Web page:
Court allows CBK to proceed with tendering for security systems

The Court of Appeal has allowed the Central Bank of Kenya (CBK) to proceed with a Sh1.2 billion tendering for security systems.

Appellate Judges Wanjiru Karanja, Martha Koome and G.B.M. Kariuki dismissed an appeal by the Ethics and Anti-Corruption Commission (EACC) opposing the tender, saying “it had not raised anything serious to warrant stopping the contract entered between CBK and Horsebridge Networks Systems Limited”.

They ruled: “We have examined the case and find nothing wrong about the contract as ruled by both the Public Procurement Review Board and the High Court. EACC’s contentions lack merit since they have not provided us with any justification to interfere with the contract”.

The dispute for the supply and commissioning of a security system had started in May, 2012 when the CBK advertised the tender and after evaluation, a tender committee directed that the contract be awarded to Horsebridge Network Systems.

A dispute arose after the tender evaluation committee refused to approve the contract, forcing the company to file a review at the Public Procurement Administrative Review Board.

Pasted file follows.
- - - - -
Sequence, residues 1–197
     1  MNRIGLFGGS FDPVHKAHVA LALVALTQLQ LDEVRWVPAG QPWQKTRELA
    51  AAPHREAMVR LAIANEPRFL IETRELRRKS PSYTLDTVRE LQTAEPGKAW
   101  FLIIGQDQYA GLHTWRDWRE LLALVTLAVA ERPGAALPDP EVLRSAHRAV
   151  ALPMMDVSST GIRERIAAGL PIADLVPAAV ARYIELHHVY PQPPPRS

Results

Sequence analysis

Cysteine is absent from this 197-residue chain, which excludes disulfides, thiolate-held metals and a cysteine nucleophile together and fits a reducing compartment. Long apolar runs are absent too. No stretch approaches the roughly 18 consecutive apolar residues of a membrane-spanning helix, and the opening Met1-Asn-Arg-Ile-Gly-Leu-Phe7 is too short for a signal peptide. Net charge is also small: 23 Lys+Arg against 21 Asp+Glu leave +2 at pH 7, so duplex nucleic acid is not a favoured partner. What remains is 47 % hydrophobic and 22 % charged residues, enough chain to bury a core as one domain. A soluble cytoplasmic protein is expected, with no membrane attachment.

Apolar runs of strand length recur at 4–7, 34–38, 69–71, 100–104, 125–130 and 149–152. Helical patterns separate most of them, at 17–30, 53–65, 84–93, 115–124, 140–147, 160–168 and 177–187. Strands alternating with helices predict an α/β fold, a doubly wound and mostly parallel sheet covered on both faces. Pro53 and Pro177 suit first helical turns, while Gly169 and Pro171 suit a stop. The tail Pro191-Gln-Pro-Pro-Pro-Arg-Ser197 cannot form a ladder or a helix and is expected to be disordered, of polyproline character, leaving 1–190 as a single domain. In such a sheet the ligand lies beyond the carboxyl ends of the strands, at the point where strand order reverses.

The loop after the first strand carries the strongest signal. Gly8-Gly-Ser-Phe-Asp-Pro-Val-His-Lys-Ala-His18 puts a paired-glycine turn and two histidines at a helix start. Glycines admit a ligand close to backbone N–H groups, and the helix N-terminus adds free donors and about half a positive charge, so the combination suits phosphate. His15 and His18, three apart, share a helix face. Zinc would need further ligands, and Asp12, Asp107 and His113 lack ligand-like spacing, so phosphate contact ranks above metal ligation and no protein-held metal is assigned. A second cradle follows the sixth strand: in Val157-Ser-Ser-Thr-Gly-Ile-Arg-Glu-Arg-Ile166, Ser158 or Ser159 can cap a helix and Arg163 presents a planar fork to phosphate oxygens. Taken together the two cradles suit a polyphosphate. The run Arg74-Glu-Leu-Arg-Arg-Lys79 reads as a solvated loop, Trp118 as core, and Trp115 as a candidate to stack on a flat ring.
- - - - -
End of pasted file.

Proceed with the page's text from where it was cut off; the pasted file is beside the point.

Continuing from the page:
The board agreed with their case and directed the CBK to sign the contract.

However, the contract was stayed after the EACC started investigating the CBK over the allegation that the agreement was irregularly awarded.


The company then filed a case at the High Court then on September 2014, Justice Weldon Korir ruled that the EACC’s investigations were unfounded and again allowed the CBK to proceed with the contract.

The EACC moved to the second highest court in the land, saying the High Court judge had failed to recognise the “flaws” and “irregularities” pointed out during the procurement process.

The appellate judges have however disagreed with the EACC and said Justice Korir was right in allowing the CBK to carry on with the contract.

“CBK is a public body and therefore had a statutory obligation to comply with the directions issued by both the review board and the High Court who had the first opportunity to interrogate the contract and cleared it of any irregularities,” justices Wanjiru, Koome and Kariuki said.

They agreed with the CBK that it should have signed the contract within 30 days as directed by the High Court and said the matter of terminating the contract would only arise if the company had been informed in advance before the tender process was completed.

The Court of Appeal said the procurement review board had not made a mistake when it found the tender process had been duly followed and that nothing could warrant its cancellation.

They agreed the contract had already been executed and whatever the EACC was investigating had been overtaken by events.

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